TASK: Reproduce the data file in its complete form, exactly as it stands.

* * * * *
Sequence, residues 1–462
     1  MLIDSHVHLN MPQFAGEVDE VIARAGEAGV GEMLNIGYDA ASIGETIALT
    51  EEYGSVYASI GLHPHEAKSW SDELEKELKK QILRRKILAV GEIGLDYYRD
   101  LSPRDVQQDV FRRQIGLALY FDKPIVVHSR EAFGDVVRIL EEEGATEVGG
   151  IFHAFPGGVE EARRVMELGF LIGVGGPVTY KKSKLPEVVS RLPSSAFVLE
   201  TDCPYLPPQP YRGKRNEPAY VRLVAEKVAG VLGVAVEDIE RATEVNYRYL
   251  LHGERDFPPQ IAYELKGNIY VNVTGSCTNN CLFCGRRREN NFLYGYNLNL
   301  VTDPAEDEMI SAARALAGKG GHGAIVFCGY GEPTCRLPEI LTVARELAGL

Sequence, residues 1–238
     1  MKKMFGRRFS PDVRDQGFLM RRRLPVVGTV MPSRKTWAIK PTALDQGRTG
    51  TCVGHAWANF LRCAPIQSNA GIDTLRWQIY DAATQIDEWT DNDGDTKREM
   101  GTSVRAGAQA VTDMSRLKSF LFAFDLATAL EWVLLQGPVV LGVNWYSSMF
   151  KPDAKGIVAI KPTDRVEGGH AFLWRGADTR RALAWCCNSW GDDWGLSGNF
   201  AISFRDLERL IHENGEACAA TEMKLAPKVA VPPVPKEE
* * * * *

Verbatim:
Sequence, residues 1–462
     1  MLIDSHVHLN MPQFAGEVDE VIARAGEAGV GEMLNIGYDA ASIGETIALT
    51  EEYGSVYASI GLHPHEAKSW SDELEKELKK QILRRKILAV GEIGLDYYRD
   101  LSPRDVQQDV FRRQIGLALY FDKPIVVHSR EAFGDVVRIL EEEGATEVGG
   151  IFHAFPGGVE EARRVMELGF LIGVGGPVTY KKSKLPEVVS RLPSSAFVLE
   201  TDCPYLPPQP YRGKRNEPAY VRLVAEKVAG VLGVAVEDIE RATEVNYRYL
   251  LHGERDFPPQ IAYELKGNIY VNVTGSCTNN CLFCGRRREN NFLYGYNLNL
   301  VTDPAEDEMI SAARALAGKG GHGAIVFCGY GEPTCRLPEI LTVARELAGL

Sequence, residues 1–238
     1  MKKMFGRRFS PDVRDQGFLM RRRLPVVGTV MPSRKTWAIK PTALDQGRTG
    51  TCVGHAWANF LRCAPIQSNA GIDTLRWQIY DAATQIDEWT DNDGDTKREM
   101  GTSVRAGAQA VTDMSRLKSF LFAFDLATAL EWVLLQGPVV LGVNWYSSMF
   151  KPDAKGIVAI KPTDRVEGGH AFLWRGADTR RALAWCCNSW GDDWGLSGNF
   201  AISFRDLERL IHENGEACAA TEMKLAPKVA VPPVPKEE